So, I’ve been thinking about death a lot.
Not in the sense of thinking about committing suicide, but more in the sense of the stereotypical mid-life crisis sense. As in, I’m feeling absolutely terrified about dying and simultaneously thinking about how death might be one of the ideas we literally can’t think about, and yet I am thinking about it a lot these days. Absurdity is the word of the day, folks.
As a person who rejects the reality of souls, gods, and all that nonsense and is therefore seriously skeptical of any possibility of life, consciousness, or awareness after bodily death, I am aware that death is literally nothing. Nobody has an awareness of their own death, once it happens.
One day, whether through horrendous accident, slow sickness, or quietly in my sleep after a long, happy life, I simply will no longer be. And that, I think, is both among the more simple and more difficult to comprehend concepts.
And it’s that which I want to try to articulate today.
After work yesterday, I took a nap. I was really tied, such that basic focus was difficult, and I just needed to rest for a while. Now, I’m often really good at power naps, and this particular nap lasted 15 or 20 minutes, and I awoke from it recharged, as I often do, and ready to be productive again.
But what about the nap itself? What was that like? If you’ve ever fallen asleep, and I’m assuming you have, then you have had the experience of drifting off. You are decreasingly aware of your surroundings, your body, and perception starts to dissolve and become more fluid, and as you approach sleep, there is this dreamy, non-linear, almost not real sense of reality. Then, well, nothing.
But doesn’t that “nothing” only take shape, and actually become something, after the fact? I mean, upon reflection, I can try to pierce the timelessness of the lack of consciousness that was the time I was not aware (or, at least, not forming memories I can now retain), but all I can do is sort of bracket it and place a label of “nothing” or “lack of awareness” upon it. It becomes something upon reflection, so it’s not even nothing, right?
It’s not completely undifferent, conceptually, from trying to imagine what it was like before the universe existed, north of the north pole, beyond infinity, or any concept which tries to point towards a barrier which, by definition, is impenetrable.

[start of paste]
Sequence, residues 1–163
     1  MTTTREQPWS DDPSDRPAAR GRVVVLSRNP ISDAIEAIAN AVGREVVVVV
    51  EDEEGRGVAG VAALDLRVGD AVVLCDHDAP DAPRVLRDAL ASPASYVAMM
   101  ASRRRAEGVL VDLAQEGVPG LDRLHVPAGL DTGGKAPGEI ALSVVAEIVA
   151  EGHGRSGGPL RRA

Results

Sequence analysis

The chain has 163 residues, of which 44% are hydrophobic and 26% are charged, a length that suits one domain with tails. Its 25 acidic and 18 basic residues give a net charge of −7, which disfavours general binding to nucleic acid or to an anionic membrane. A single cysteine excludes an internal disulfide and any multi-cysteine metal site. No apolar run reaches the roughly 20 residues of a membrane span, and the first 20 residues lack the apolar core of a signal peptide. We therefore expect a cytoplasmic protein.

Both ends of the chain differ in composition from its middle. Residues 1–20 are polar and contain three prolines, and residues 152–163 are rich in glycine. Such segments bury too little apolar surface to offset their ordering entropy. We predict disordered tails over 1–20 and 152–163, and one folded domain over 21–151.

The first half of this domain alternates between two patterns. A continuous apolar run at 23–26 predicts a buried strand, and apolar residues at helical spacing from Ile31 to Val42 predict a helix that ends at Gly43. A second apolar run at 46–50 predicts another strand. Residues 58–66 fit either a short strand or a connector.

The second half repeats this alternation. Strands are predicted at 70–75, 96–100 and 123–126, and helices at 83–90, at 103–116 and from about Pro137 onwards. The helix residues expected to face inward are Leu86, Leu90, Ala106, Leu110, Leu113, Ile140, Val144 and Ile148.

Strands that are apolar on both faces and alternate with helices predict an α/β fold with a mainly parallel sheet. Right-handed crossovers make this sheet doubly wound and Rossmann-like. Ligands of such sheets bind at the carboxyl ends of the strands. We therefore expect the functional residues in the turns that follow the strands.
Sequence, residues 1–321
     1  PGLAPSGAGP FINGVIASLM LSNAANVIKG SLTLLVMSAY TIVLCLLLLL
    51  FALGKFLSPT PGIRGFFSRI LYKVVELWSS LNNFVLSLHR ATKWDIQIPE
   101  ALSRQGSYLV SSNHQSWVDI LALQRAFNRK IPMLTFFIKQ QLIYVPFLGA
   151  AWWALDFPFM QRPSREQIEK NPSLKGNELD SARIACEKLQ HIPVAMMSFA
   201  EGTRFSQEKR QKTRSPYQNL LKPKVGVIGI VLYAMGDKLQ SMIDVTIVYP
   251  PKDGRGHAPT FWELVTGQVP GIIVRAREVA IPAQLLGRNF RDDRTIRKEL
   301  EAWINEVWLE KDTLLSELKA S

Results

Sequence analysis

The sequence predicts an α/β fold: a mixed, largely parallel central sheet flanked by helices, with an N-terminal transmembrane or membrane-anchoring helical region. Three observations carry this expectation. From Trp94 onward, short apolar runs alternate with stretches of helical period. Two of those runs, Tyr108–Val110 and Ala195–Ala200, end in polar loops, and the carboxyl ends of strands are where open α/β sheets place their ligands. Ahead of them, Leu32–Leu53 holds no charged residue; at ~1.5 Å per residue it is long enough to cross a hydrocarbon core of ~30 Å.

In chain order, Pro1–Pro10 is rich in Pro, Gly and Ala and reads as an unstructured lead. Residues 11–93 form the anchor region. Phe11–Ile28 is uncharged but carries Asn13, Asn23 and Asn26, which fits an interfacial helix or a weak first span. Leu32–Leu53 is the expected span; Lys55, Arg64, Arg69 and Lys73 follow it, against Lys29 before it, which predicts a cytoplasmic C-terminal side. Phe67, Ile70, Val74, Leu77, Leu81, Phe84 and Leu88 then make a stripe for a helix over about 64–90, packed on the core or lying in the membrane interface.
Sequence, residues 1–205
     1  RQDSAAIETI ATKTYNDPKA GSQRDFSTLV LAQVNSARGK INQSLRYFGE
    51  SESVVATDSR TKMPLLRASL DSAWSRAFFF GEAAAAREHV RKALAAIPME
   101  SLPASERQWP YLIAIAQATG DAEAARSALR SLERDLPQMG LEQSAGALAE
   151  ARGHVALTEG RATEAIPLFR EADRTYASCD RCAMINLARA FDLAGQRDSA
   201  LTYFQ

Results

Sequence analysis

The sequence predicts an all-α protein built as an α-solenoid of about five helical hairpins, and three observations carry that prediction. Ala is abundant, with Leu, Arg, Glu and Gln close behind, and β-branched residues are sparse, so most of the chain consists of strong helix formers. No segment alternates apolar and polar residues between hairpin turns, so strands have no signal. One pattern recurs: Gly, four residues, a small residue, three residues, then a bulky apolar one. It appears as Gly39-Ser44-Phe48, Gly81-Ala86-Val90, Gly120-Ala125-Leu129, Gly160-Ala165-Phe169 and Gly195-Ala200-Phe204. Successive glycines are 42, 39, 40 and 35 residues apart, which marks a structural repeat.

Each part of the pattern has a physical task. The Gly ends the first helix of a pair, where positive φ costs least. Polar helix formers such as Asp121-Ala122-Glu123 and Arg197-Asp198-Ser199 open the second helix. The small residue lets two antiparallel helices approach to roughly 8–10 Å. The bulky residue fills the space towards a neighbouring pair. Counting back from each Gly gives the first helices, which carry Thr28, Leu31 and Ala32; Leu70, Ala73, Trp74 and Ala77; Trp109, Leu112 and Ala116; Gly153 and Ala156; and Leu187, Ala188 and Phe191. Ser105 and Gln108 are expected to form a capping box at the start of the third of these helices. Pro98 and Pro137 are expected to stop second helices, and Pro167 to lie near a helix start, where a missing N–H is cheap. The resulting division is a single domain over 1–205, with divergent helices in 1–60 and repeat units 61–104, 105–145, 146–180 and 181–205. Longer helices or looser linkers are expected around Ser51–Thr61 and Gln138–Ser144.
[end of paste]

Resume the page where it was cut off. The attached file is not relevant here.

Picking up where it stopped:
And so the question becomes this; was I alive during those times I don’t remember, while sleeping? Do I die every time I sleep? Do I die every moment, and the next a new person exists, momentarily, simply to then die a moment later handing off the shell of processes, parts, and perceptions in which it lives ever so briefly?
How many Shauns have existed?
And now, for the obligatory Star Trek reference
There’s a philosophical question which has taken many forms over the centuries, but which is perhaps best exemplified by the transporter problem as it is often referred to. It’s also related to, in the history of philosophy, as the problem of the ship of Theseus. Google it, because philosophy is cool and people will be impressed with this reference at parties.
So, Commander William Riker of the USS Enterprise (NCC 1701-D, to be precise) has to beam down to the surface of some planet to do some thing or other, because Riker is awesome and he knows how to handle shit. He steps onto the transporter pad, Scotty (sorry, more likely some random ensign or maybe Miles O’Brian) beams him down to the planet.
The transporter does something like the following; it scans every particle in the body of Riker, says damn that man is sexy, then in some way stores all of that information, transforms his molecular pattern into some form of energy, then transmits that energy to a spot on the surface of the planet below and then reassembles the energy into exactly (hopefully) the Riker that stepped onto that pad.